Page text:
Friday, September 30, 2011

Amazing, Out-of-This-World Lighting

I found some unusual lighting today. Some of it is just beautiful, some of it really challenged me. Each fixture seems to suffer from some sort of Identity Crisis. That is my professional opinion....... I have some to show you.

The secret to this pendant's inability to appropriately connect is here:

This clever lamp below, by Paul Cocksedge, thinks it is a vase that holds real flowers. Actually, I should say that it insists that it is a flower vase. The lamp goes OFF when the flower dies, and will not turn on again until you put in another fresh flower! Very stubborn lamp...and lovely.


This next pair just cracked me up!
I found these lamps today via Bizzotto...statues of men and women with lampshades instead of heads.
My first thought: Creepy!
My second thought: well, if no young children are around, it's a fun, funny conversation piece. Still creepy...
Does anyone have any ideas on this?!
This  Beau et Bien Ombrella  lamp thinks it is an umbrella. It works indoors and out, actually does provide shade, AND it's very pretty!

This is a 1953 sconce by William Hanes that you may have seen. I absolutely LOVE it! :

The next two, huge chandeliers by David Dimpiero,
remind me of  graceful, modern, elongated flowers.



And here is a " Chandelier Shower", by Bisazza Bagno. This is an over-the-top but wonderfully fun working shower head inside a glamorous array of crystals.

via and via

These pendants, painstakingly made of handblown glass with small shards of blue, resemble planets.


This triangular "suspension" is composed of 5  low-voltage halogen bulbs,
 " meant to focus light on a lnear work surface."

And below is a Ceramic Washbasin/Lamp.
I guess it should go in the bathroom with the showerhead/chandelier!
And here are some odd ones, Mannequin Lamps, that are sort of charming. Much better than the statues, huh?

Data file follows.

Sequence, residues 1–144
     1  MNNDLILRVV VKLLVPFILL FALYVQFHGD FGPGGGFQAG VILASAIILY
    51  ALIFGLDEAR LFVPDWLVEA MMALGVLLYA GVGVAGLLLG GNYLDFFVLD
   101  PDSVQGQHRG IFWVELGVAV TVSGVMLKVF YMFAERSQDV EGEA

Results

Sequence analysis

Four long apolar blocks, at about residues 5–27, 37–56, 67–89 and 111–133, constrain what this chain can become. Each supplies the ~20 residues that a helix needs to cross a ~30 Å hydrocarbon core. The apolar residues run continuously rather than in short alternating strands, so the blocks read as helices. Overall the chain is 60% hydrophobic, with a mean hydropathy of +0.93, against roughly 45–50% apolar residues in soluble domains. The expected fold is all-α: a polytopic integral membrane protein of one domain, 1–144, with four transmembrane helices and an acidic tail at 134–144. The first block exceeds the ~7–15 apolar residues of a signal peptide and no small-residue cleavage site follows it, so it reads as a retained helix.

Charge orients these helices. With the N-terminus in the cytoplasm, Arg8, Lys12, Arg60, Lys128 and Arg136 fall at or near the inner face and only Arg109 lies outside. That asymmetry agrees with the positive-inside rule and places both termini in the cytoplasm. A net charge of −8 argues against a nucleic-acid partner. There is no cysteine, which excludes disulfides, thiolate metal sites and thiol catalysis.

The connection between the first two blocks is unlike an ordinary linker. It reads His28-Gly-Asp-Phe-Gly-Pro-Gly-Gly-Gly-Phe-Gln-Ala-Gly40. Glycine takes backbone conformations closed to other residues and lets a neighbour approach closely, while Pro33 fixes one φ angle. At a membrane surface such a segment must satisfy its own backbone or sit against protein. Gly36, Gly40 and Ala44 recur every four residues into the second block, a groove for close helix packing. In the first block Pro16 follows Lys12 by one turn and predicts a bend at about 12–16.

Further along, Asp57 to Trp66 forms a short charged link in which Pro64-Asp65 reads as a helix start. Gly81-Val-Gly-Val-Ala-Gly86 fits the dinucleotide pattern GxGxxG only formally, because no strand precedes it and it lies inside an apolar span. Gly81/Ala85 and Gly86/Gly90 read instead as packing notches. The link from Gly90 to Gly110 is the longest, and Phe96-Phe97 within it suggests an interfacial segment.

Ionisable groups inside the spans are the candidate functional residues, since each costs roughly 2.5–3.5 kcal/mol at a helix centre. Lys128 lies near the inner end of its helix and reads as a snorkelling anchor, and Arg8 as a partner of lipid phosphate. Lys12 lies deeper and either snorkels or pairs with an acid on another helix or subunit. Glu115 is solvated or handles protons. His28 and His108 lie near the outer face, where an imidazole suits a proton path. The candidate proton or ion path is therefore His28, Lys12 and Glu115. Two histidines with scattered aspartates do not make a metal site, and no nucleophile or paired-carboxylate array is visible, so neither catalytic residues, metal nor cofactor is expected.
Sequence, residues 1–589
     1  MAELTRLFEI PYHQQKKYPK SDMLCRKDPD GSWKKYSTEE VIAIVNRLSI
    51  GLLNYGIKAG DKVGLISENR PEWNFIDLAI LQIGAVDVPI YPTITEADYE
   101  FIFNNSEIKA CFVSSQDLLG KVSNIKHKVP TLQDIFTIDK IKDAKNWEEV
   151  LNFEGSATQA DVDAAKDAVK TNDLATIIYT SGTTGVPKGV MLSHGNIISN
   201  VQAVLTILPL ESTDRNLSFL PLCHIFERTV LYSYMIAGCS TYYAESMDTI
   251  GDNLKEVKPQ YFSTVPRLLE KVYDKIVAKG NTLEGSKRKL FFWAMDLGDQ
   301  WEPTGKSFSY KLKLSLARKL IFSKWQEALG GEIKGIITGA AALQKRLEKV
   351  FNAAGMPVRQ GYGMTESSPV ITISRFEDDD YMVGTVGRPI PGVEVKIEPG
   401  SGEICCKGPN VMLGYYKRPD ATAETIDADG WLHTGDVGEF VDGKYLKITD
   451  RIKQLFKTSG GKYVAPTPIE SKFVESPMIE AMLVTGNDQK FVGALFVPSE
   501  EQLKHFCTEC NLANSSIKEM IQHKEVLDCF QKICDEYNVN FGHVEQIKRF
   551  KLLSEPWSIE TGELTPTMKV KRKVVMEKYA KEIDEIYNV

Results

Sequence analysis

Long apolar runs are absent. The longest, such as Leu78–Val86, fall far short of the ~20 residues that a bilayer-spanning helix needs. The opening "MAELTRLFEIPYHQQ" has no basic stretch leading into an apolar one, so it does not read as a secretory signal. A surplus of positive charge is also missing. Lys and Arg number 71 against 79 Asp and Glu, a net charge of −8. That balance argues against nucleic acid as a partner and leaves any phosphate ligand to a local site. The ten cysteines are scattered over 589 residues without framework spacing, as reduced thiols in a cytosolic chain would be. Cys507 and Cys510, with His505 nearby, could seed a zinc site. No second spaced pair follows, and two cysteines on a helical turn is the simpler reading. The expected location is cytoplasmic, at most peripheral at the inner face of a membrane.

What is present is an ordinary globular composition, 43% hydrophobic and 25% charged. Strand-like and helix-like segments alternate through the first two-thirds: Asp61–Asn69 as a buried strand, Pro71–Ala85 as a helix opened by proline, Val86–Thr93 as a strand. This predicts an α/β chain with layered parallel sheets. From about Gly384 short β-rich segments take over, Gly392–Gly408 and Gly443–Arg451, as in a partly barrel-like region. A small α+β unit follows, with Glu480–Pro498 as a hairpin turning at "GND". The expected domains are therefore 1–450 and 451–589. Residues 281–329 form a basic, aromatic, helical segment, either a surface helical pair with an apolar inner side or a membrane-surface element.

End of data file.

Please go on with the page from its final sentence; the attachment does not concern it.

My daughter would LOVE these:

      Such personality!

    This is the" Ra"  desk lamp, designed by Ettore Cimimi of Lumina Italia..
 A single bulb is in the base and the light travels up and out, onto the desk.
                                                               Hmm. Looks like a rattlesnake. S-S-S
And then we have under-cabinet teacups...
not odd enough for THIS post...

and, uh, a cow abduction lamp by designer Lasse Klein. ha ha!


And, thanks to the website of,  I found my all-time favorite. Kozo is the name of the line of these Faucet-and-Pipe lamps. The design is practical, sturdy, it has personality, it is not your average lamp, and, after looking over an Awful lot of Awful, it is very pleasing to this battered Eye:

And the baby brother:

As the days grow shorter, I must go get a supply of full-spectrum bulbs...

Thursday, September 29, 2011

Throwin' in some Lagniappe for ya with an image that's not just gorgeous and smartly done, but also photographed so artfully by Tria Giovan.
This room has a wall of books behind a divider wall that "supports"a perfectly placed ( perfectly!) piano.  And how creative is that pleasing mix of furniture styles!


Unexpected Color

This  first photo ( among others that are great) showed up in my inbox today from Interior Design Ideas.  Hence, this post about unexpected color...

Up high on a wall in a series of color blocks, on banisters, under tables, in stairwells, sinks, floors, cabinet and shelving backs, door edges, hinges, and more --
Color can surprise you!
Martha Stewart recently  made it OK to color the edge of a door....
(It's not as if no one has ever painted a door and tried to decide if the edge should match the Inside or the Outside. And thought to themselves, "What about the edge being its Own color?")
Here is a  "Martha" example, but you will also see more examples of really fun ways to add charm and character to a room.
Here are more wonderful examples of color surprise:

Magnus Anesund via

And, painted hinges. Why not?